movements highlight their differences and common features: In Catalonia
and in Galicia, an initially culturally oriented movement became
political in the course of time while Basque nationalism at first
represented the political agenda of an individual (Sabino Arana, 1865-
1903). Catalans had a medieval cultural legacy to look back to and so
did Galicians, albeit to a lesser degree. For both Catalan and Galician
nationalism, language constitutes a defining criterion. However,
Spanish remains the prestige language in Galicia. Basque was a highly
fragmented oral language spoken by a minority and well into the 20th
century, race constituted the most important defining characteristic of
Basqueness. On the other hand, both Catalonia and the Basque Country
reaped the fruits of early industrialization while Galicia was agrarian
and poor which lead inter alia to a lower level of education in the
population. In all three cases, nationalism was promoted at least at
some point by the elites and the middle classes. By consequence, these
nationalist movements exist until the present day. While Spanish state-
building has been successful, this cannot be said to be the case of
Spanish nation-building.

In Latin America, it is clear from the beginning that we are dealing
with states or nation-states at best but certainly not homogeneous
nations. The indigenous nations are marginalized and poor and often
straddle borders. This explains why even such major linguae francae as
Nahuatl or Quechua are endangered today and Spanish continues to enjoy
"a position of immense superiority" (p. 63). Paraguay, with its nominal
coofficiality and wide-spread bilingualism in Spanish and Guaran�,
constitutes a counter example to the marginalization of indigenous
languages in the Americas. But it has to be born in mind that this
particular situation is due to three factors: Guaran� was the lingua
franca of the region already before the Spanish arrived; the role
played by the Jesuits in Paraguay; and it's geographical and post-
independence political isolation. By consequence, Paraguay is the
exception which confirms the rule.

Part II of this book deals with "Legislation and the realities of
linguistic diversity". In ch. 4, "Language rights, language policies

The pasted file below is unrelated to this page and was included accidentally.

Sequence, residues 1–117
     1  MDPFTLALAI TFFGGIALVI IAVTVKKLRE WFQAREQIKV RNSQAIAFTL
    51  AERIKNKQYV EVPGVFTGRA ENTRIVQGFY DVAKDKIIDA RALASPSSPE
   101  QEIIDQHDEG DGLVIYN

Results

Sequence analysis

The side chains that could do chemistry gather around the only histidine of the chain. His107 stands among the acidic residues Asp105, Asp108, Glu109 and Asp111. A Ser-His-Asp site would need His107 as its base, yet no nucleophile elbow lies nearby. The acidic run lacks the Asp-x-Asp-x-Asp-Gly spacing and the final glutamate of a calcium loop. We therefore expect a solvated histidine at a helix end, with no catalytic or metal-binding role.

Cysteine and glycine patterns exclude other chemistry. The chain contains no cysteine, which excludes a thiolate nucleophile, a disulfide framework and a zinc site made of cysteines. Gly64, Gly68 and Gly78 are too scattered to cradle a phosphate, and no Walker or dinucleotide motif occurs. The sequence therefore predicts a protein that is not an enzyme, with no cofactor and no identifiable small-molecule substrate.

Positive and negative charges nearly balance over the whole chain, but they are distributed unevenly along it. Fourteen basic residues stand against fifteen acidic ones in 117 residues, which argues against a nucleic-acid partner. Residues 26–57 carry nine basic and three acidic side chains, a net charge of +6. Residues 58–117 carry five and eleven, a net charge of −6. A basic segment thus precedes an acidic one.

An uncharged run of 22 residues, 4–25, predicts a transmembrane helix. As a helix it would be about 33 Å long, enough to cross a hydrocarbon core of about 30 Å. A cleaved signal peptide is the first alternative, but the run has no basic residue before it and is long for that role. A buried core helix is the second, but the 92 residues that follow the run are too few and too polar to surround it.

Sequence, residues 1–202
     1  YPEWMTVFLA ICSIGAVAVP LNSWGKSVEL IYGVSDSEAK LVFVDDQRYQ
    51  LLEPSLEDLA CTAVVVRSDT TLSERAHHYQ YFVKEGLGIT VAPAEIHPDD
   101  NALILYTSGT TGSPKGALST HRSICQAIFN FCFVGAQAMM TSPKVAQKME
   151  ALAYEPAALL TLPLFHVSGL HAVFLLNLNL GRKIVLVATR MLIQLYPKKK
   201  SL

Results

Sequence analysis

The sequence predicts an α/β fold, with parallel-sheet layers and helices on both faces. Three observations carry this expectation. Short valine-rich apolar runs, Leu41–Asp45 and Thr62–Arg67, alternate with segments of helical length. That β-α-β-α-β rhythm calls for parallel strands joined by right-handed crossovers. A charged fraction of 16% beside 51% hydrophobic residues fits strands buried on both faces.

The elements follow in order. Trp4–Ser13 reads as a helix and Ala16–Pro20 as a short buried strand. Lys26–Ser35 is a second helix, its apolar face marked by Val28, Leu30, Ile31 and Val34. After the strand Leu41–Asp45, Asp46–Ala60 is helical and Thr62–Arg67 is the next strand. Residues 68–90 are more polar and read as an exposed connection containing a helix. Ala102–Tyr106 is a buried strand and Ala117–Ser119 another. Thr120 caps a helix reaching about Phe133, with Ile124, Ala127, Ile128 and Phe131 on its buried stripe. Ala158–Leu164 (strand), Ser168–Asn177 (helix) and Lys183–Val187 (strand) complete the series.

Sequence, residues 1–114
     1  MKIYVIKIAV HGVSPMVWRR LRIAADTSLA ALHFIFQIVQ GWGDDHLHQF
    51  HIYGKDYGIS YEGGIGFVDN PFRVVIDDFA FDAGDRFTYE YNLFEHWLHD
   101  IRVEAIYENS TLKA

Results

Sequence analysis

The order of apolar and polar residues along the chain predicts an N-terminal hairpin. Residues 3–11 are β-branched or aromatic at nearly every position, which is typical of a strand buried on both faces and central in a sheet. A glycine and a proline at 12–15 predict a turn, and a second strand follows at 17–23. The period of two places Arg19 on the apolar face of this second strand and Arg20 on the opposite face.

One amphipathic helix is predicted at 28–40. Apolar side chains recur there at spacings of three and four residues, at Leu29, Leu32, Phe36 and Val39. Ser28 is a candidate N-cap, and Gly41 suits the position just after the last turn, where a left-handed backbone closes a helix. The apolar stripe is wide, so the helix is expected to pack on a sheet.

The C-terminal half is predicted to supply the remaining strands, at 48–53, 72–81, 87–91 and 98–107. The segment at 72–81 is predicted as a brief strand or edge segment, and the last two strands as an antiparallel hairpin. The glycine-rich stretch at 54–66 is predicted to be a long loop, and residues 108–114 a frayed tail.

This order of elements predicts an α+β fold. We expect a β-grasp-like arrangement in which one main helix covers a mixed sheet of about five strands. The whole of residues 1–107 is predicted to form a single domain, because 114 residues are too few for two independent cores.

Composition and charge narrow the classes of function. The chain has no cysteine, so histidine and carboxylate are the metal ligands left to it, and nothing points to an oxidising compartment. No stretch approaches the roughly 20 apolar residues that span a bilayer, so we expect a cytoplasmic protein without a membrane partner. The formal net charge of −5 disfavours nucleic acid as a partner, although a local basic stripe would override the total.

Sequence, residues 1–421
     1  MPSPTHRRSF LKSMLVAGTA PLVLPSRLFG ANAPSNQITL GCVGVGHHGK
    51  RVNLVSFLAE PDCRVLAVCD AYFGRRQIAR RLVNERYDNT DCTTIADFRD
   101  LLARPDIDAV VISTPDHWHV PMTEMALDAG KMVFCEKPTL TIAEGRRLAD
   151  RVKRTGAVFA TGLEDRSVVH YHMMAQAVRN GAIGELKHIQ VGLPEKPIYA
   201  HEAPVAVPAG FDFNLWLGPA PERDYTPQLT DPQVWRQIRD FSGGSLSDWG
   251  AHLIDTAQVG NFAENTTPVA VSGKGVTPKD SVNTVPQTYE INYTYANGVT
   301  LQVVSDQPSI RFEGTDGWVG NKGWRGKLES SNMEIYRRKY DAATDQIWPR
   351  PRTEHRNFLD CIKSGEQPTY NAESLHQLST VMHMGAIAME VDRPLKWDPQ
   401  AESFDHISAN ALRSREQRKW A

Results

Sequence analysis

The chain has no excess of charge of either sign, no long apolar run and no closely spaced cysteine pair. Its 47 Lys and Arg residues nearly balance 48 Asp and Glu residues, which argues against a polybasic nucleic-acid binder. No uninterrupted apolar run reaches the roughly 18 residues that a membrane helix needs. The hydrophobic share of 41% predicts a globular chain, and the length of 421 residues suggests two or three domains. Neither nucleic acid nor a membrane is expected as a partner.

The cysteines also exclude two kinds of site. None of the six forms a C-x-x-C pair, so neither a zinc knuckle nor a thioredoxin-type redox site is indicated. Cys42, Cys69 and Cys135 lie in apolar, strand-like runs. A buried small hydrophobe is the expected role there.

and Language Planning", Mar-Molinero sums up the relevant background
information: the 1996 Universal Declaration of Linguistic Rights, the
difficulty of catering to both individual and collective linguistic
rights, etc. Mar-Molinero feels that it is necessary to distinguish
between language policy as decision-making from language planning as
implementation (p. 74). However, it seems to me that this makes drawing
a distinct line between language policy and status planning quite
difficult. Besides the traditional division into status and corpus
planning, Mar-Molinero also talks about acquisition and normalization
planning. This last concept developed by Catalan sociolinguists
overlaps with both status and acquisition planning and aims at
empowering the speakers of the minority language by increasing the
domains and functions of language use, the geographic area where it is
spoken, and language competence in the speakers.

In ch. 5, Mar-Molinero examines "The state and language policies in the
contemporary Spanish-speaking world". The point of departure in the
three peninsular minority communities is very different: After language
revitalization efforts in all of them, today 75% of the population of
Catalonia, 80% of the population of Galicia and 25% of the population
of the Basque Country speak the corresponding language. In an almost-
reversal of language policy since the end of the dictatorial Franco
regime in 1975, the Spanish state recognizes both multilingualism and
the autonomy of its regions. On the state level, however,
monolingualism is still implicitly encouraged. This hegemony is most
vigorously challenged by the Catalans, above all through the economical
power of Catalonia.

While there was for example some interest towards the scientific study
of the indigenous languages and cultures in the Mexico of the second
half of the 19th century, the newly independent Latin American states
aimed at molding monolingual and monocultural nation-states. According
to Hamel (1997), a period of multiculturalism has followed in many
Latin American states in the 20th century: the existence of indigenous
groups has been acknowledged, usually alongside with measures to
assimilate these populations. Finally, in the late 20th century a quest
for pluriculturalism has started to emerge where diversity is seen as
an enrichment for the entire nation. However, both in Spain and in
Latin America individual linguistic rights, often ultimately aimed at
assimilating the individual, are more readily granted than collective
rights which especially in the case of Amerindian nations are
increasingly (and for good reasons) being tied to political and
economic rights by grassroots movements who have recognized the complex
interrelationships of territoriality, ethnicity, culture, and language.

Part III of the volume under review is entitled "Language and
education". Ch. 6, "Bilingual education, literacy and the role of
language in the education systems", presents the different models
employed in biligual education: transitional/assimilationist,
maintenance/pluralist, submersion (of the minority students in the
majority language, possibly with some extra L1 classes), immersion (of
majority students in the minority language), and segregationist (as a
non-pluralist subtype of maintenance programs), the 1951 UNESCO
recommendation that every child be taught in his or her L1 during early
formal education, and Freirean literacy theory where functional
literacy is seen as a means of empowerment and emancipation.

Ch. 7, "Latin American educational policies in the struggle for
linguistic rights", focuses on the educational domain where Mar-
Molinero is most hopeful that the linguistic and cultural rights of
indigenous communities will be granted and respected. Only the
constitutions of Mexico, Peru and Bolivia explicitly stipulate that
literacy be acquired in the students' L1 before transition to L2. This
is why bilingual programs in the formal educational system of these